Taste of the high life appeals to Sheffield United women

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Cup ties against the biggest teams in women’s football have made Sheffield United hungrier than ever to achieve their ambition of playing in the Women’s Super League.

That is the verdict of manager Carla Ward, whose United team were beaten 4-0 by holders Manchester City in the Continental Cup quarter-final at Chesterfield’s Proact Stadium on Wednesday night.

If a four-goal margin appears wide, then it simply highlights the gulf between the divisions, with City rich with professional England players like Steph Houghton and Ellen White, coming up against Ward’s part-timers who had spent the day working before playing 90 minutes.

Nevertheless, United are second in the second-tier Women’s Championship, and if a six-point gap to leaders Aston Villa in the sole promotion spot looks a lot to make up, the experience of Wednesday and the earlier rounds has left United with a mission to redouble their efforts to join the elite.

“The motivation is you want to play in the top division and we’ve got players who I believe can play in the top division,” said Ward.

“We went to Liverpool (earlier round) and turned them over on their patch. People say it was a tight game but if you were there and you watched it you’d agree that we were the far-better team, and showed we can compete in the WSL. Nights like these make you hungry.”

Sheffield United players show their frustration during the Women's Continental League Cup match against Manchester City. Picture: James Wilson/Sportimage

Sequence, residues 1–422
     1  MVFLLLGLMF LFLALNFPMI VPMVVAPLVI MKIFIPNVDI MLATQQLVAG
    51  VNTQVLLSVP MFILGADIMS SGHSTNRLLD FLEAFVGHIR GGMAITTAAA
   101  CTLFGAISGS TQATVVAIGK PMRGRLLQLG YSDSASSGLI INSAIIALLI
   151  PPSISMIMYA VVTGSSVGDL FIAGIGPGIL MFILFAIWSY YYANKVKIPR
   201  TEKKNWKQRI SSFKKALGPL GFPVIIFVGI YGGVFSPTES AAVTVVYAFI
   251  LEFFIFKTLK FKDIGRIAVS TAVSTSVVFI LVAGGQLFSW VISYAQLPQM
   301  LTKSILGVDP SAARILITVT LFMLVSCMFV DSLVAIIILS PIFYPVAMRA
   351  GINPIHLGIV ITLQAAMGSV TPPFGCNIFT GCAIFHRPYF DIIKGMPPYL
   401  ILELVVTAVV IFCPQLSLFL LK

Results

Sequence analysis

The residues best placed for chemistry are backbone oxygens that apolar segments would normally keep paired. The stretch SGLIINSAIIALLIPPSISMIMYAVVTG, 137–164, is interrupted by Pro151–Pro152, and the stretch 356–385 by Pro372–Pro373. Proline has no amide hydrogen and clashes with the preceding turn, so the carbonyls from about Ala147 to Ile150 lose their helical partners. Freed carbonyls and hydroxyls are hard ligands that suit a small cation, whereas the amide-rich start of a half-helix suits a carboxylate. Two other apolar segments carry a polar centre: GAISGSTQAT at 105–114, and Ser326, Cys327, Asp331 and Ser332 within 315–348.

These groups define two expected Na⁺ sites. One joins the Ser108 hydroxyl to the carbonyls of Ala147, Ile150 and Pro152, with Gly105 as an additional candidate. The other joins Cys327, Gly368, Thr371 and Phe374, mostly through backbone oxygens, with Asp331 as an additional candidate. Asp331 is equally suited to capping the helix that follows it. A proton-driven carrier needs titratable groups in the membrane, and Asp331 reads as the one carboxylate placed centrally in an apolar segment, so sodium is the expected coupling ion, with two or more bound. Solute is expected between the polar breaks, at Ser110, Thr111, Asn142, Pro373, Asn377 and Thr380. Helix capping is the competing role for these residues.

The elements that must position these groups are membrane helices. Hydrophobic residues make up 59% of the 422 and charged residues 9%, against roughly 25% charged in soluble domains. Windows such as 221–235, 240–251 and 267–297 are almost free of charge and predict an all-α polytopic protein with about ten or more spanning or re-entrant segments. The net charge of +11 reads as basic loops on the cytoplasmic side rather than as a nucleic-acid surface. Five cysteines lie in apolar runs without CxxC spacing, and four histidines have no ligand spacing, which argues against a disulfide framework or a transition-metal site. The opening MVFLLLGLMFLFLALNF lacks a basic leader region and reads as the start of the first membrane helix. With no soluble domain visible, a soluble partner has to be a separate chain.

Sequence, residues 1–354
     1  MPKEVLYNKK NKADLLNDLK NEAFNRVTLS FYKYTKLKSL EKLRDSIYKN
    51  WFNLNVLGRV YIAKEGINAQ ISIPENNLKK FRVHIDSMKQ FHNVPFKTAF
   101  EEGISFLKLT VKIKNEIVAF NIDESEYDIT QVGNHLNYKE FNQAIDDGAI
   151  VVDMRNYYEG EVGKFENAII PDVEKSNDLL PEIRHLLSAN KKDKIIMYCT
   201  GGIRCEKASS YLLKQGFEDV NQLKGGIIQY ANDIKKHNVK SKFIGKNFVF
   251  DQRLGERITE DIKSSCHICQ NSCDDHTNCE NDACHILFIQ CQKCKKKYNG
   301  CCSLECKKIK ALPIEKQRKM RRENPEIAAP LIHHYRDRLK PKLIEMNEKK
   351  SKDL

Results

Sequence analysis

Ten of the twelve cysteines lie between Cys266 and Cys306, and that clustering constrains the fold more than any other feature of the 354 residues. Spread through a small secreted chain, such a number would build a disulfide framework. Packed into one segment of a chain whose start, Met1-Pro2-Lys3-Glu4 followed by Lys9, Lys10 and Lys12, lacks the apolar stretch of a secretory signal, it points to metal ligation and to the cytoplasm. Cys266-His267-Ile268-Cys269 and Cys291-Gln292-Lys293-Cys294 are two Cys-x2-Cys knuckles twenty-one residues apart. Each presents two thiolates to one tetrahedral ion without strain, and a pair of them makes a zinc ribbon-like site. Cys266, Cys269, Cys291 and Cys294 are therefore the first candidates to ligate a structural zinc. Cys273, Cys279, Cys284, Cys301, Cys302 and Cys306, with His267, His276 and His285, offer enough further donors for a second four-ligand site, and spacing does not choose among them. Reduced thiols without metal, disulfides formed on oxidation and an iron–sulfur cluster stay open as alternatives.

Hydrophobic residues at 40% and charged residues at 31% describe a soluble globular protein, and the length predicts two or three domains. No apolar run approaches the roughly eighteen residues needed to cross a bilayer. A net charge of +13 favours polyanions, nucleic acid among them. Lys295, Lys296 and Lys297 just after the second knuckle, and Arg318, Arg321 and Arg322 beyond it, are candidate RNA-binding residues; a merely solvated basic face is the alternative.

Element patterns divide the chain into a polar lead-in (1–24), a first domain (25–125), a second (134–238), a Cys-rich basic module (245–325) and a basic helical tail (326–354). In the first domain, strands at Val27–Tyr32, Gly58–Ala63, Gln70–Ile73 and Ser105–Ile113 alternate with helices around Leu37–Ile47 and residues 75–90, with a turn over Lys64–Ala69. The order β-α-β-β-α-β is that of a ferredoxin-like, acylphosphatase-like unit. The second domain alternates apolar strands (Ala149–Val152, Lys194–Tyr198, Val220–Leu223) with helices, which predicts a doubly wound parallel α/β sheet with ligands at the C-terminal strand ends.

Sheffield United players show their frustration during the Women's Continental League Cup match against Manchester City. Picture: James Wilson/Sportimage

If the noises coming out of United are that promotion is beyond them this season – six points is certainly not insurmountable – then there is a genuine belief that another sustained effort next year can see them take the leap.

Ascension to the WSL would mean evolving from a part-time set-up to a full-time one, but even with players who work all day and then play or train in an evening, Ward believes she has assembled a squad good enough to compete with the bottom half of the WSL.

“We talk about it a lot in the women’s game, that top three compared to the rest of the bottom end of the WSL, there is a massive gulf, let alone to the Championship.

“The team City put out was a compliment to the work we are doing. They were stronger that night than they were against Everton (league game). City, Arsenal and Chelsea are in a league of their own.

The team City put out was a compliment to the work we are doing. They were stronger that night than they were against Everton (league game). City, Arsenal and Chelsea are in a league of their own.

Carla Ward

“But if any other team from the WSL had have turned up, it might have been a different story.”

AIM HIGH: Sheffield United manager Carla Ward. Picture: James Wilson/Sportimage

AIM HIGH: Sheffield United manager Carla Ward. Picture: James Wilson/Sportimage